DAIMLER’S Smart city cars are back on the agenda for Australia, with the head of Mercedes-Benz Australia/Pacific revealing that there is now “a need to reconsider” the brand’s reintroduction as electric vehicles and new mobility services take hold.
In an interview with GoAuto this week, Mercedes-Benz Aust/Pac managing director and CEO Horst von Sanden said a final decision on Smart was yet to be made, but that the company “would be stupid not to look at it” as the German luxury car market leader ramped up its presence in the EV market in Australia.
This will begin late next year with the launch here of the all-new full-electric EQC crossover, which makes its public debut next week at the Paris motor show and is part of a €10 billion ($A16b) program that will yield 10 EVs under the EQ sub-brand by 2025.
The EQC is the first Mercedes EV but Daimler is leading the charge with the Smart brand, bringing the EQ Fortwo and Forfour models to market in Europe in June, following their unveiling at the Geneva motor show in March.
It also revealed a new all-electric open-top concept, the Forease, this week ahead of its world premiere at the Paris show, and recently committed to transforming its entire range to zero-emissions powertrains by 2020 across all markets after making the move in North America and Norway last year.
While Mercedes-Benz Aust/Pac discontinued the Smart brand in 2015, electing not to introduce the third-generation premium compact models due to low demand and high importation costs, Mr von Sanden said the changing landscape with EVs and ride-share services warranted a reconsideration.
“We haven’t made a decision on that but I would say, given that Smart has changed into an electric-only brand, and if there is the expected acceptance of electric vehicles in this marketplace down the track, we would be stupid not to look at it,” he said.
Mr von Sanden agreed that the move towards car sharing and other new urban mobility services could work in the Smart brand’s favour.
“Honestly, I can’t say, ‘Yes, there is a firm plan’ but there is certainly a need to reconsider,” he said.
In terms of timing, he added: “It really depends how the acceptance and the development of electric vehicles will move on, and how new ride-share concepts and things like that will develop.
“So I couldn’t tell you if it’s five years, it’s three years, it’s 10 years, I don’t know.”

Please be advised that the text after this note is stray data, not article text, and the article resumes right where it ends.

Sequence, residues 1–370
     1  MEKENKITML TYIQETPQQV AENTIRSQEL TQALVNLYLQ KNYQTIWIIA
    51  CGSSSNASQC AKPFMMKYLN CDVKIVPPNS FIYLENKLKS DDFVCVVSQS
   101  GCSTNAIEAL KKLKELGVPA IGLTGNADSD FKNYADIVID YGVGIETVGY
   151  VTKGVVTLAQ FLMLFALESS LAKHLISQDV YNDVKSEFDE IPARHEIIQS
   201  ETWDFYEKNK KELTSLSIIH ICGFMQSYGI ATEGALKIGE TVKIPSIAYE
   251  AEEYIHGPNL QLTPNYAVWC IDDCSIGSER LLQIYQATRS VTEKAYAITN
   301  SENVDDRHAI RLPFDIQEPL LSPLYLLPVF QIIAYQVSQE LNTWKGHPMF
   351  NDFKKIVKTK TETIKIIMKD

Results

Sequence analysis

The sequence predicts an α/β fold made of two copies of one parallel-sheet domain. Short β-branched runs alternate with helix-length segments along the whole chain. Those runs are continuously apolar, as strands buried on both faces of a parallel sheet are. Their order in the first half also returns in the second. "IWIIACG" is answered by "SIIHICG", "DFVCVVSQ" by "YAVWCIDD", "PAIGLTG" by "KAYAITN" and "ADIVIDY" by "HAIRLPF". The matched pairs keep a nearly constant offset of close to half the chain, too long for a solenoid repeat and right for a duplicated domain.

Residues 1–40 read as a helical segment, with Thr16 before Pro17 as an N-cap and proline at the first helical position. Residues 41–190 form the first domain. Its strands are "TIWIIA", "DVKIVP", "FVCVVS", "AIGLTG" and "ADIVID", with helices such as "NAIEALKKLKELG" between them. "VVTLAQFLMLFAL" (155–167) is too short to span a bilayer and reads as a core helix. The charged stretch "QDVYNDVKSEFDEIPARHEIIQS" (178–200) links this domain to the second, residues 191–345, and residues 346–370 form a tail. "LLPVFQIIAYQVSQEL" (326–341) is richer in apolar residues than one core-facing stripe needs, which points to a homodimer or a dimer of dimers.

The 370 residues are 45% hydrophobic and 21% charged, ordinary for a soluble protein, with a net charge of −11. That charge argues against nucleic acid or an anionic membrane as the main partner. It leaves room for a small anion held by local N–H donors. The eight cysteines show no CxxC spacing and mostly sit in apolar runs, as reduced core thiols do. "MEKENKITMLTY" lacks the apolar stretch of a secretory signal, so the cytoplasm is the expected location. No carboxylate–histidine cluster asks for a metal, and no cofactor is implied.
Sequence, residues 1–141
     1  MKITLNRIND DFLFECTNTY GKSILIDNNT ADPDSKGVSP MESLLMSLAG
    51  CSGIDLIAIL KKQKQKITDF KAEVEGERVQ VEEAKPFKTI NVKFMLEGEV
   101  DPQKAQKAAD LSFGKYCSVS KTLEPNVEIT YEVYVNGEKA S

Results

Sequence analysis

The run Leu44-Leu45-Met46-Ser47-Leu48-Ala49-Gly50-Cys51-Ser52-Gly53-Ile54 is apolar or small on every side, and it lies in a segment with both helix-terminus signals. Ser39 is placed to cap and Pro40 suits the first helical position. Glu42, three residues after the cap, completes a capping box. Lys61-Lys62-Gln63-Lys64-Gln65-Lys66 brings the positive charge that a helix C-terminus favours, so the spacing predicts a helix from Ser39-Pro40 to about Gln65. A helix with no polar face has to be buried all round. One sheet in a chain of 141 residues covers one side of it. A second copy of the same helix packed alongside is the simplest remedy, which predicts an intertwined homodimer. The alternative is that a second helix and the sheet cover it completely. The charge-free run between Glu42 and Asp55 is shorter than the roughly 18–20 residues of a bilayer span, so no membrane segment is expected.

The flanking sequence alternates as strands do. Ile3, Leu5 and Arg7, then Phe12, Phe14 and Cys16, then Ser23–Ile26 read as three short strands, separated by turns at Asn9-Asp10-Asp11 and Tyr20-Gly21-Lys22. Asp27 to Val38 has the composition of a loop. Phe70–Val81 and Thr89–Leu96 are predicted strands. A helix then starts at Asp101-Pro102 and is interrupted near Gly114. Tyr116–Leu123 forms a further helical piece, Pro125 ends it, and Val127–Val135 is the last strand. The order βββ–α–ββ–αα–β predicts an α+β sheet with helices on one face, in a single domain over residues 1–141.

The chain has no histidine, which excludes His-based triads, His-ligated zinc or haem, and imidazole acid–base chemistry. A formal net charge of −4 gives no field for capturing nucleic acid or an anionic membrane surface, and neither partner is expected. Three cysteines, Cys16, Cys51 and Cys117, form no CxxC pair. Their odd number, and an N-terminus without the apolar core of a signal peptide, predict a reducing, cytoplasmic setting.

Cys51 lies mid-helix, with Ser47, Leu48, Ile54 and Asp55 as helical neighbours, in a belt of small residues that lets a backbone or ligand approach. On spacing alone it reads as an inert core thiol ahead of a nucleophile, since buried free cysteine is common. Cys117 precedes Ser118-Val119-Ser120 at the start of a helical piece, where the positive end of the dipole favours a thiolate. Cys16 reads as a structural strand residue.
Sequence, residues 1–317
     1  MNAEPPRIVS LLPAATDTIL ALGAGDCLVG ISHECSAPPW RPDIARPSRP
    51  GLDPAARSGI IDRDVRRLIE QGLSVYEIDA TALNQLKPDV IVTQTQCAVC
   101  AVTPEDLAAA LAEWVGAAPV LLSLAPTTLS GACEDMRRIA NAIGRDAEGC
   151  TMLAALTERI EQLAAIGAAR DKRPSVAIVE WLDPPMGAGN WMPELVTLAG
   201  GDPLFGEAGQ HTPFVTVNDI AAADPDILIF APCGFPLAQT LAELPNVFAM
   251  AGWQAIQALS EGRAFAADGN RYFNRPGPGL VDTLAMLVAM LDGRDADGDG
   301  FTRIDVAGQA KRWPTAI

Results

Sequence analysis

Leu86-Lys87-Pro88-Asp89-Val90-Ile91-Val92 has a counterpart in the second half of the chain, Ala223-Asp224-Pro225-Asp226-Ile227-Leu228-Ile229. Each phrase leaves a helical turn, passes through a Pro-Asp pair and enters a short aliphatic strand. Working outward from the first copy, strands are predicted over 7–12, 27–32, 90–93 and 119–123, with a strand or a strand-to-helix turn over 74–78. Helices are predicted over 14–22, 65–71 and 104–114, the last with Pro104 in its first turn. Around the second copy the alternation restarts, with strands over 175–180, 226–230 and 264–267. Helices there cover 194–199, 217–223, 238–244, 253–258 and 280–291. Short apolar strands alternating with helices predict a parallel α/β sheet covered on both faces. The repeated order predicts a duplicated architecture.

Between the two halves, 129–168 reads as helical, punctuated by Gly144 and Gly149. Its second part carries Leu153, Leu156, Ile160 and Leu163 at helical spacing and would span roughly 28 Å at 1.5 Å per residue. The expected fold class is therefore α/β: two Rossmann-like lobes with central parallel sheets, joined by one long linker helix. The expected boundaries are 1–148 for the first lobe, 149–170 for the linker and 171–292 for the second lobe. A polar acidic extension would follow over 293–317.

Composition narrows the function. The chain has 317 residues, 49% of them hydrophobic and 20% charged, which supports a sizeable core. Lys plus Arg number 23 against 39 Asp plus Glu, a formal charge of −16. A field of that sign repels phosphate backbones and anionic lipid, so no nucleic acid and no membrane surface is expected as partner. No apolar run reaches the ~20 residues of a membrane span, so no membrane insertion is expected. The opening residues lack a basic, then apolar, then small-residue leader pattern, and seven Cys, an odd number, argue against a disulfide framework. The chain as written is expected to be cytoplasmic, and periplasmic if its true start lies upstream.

As GoAuto reported exclusively in June, Daimler’s Car2Go car-sharing service is planning an Australian introduction next year, allowing drivers to take vehicles on one-way journeys and opening up new opportunities for Mercedes cars – and potentially Smart models – to be sold in key markets.
Car2Go Europe chief executive Thomas Beermann revealed that the car-sharing service was expected to launch in Melbourne and Sydney as early as mid-2019, with Brisbane also “very likely”.
Asked how the program was progressing, Mr von Sanden said: “We are obviously involved in the discussions. I can’t confirm the timing, I think they’re still communicating ‘next year somehow’ but I wouldn’t at this stage guarantee that.
“There is so much in negotiations to be held with the city councils and so much infrastructure to be established. But we certainly are actively looking into it.”
The EQ Fortwo and Forfour models use a ‘separately excited’ three-phase synchronous electric motor that produces a maximum 60kW of power (41kW continuously) and 160Nm of torque. A 17.6kWh lithium-ion battery is on-board, along with a 4.6kW charger.
Recharging (from 10 to 80 per cent) at a wallbox takes around 3.5 hours, or six hours at a domestic power socket, while the times can be reduced to less than 40 minutes with an optional 22kW fast-charger.
In 1085kg Fortwo hatch guise, the EV can reach 100km/h in 11.6 seconds on its way to a maximum speed of 130km/h. Combined power consumption is listed at 12.9-18.6kWh/100km, depending on where and how it is charged. A driving range of up to 160km is specified.
Celebrating the Smart brand’s 20th anniversary, the new Forease concept is based on the EQ Fortwo Cabrio and is a minimalist concept, emerging without a roof and a shortened windscreen that offers little wind resistance.
Daimler describes it as an extroverted and uncomplicated solution for urban mobility.
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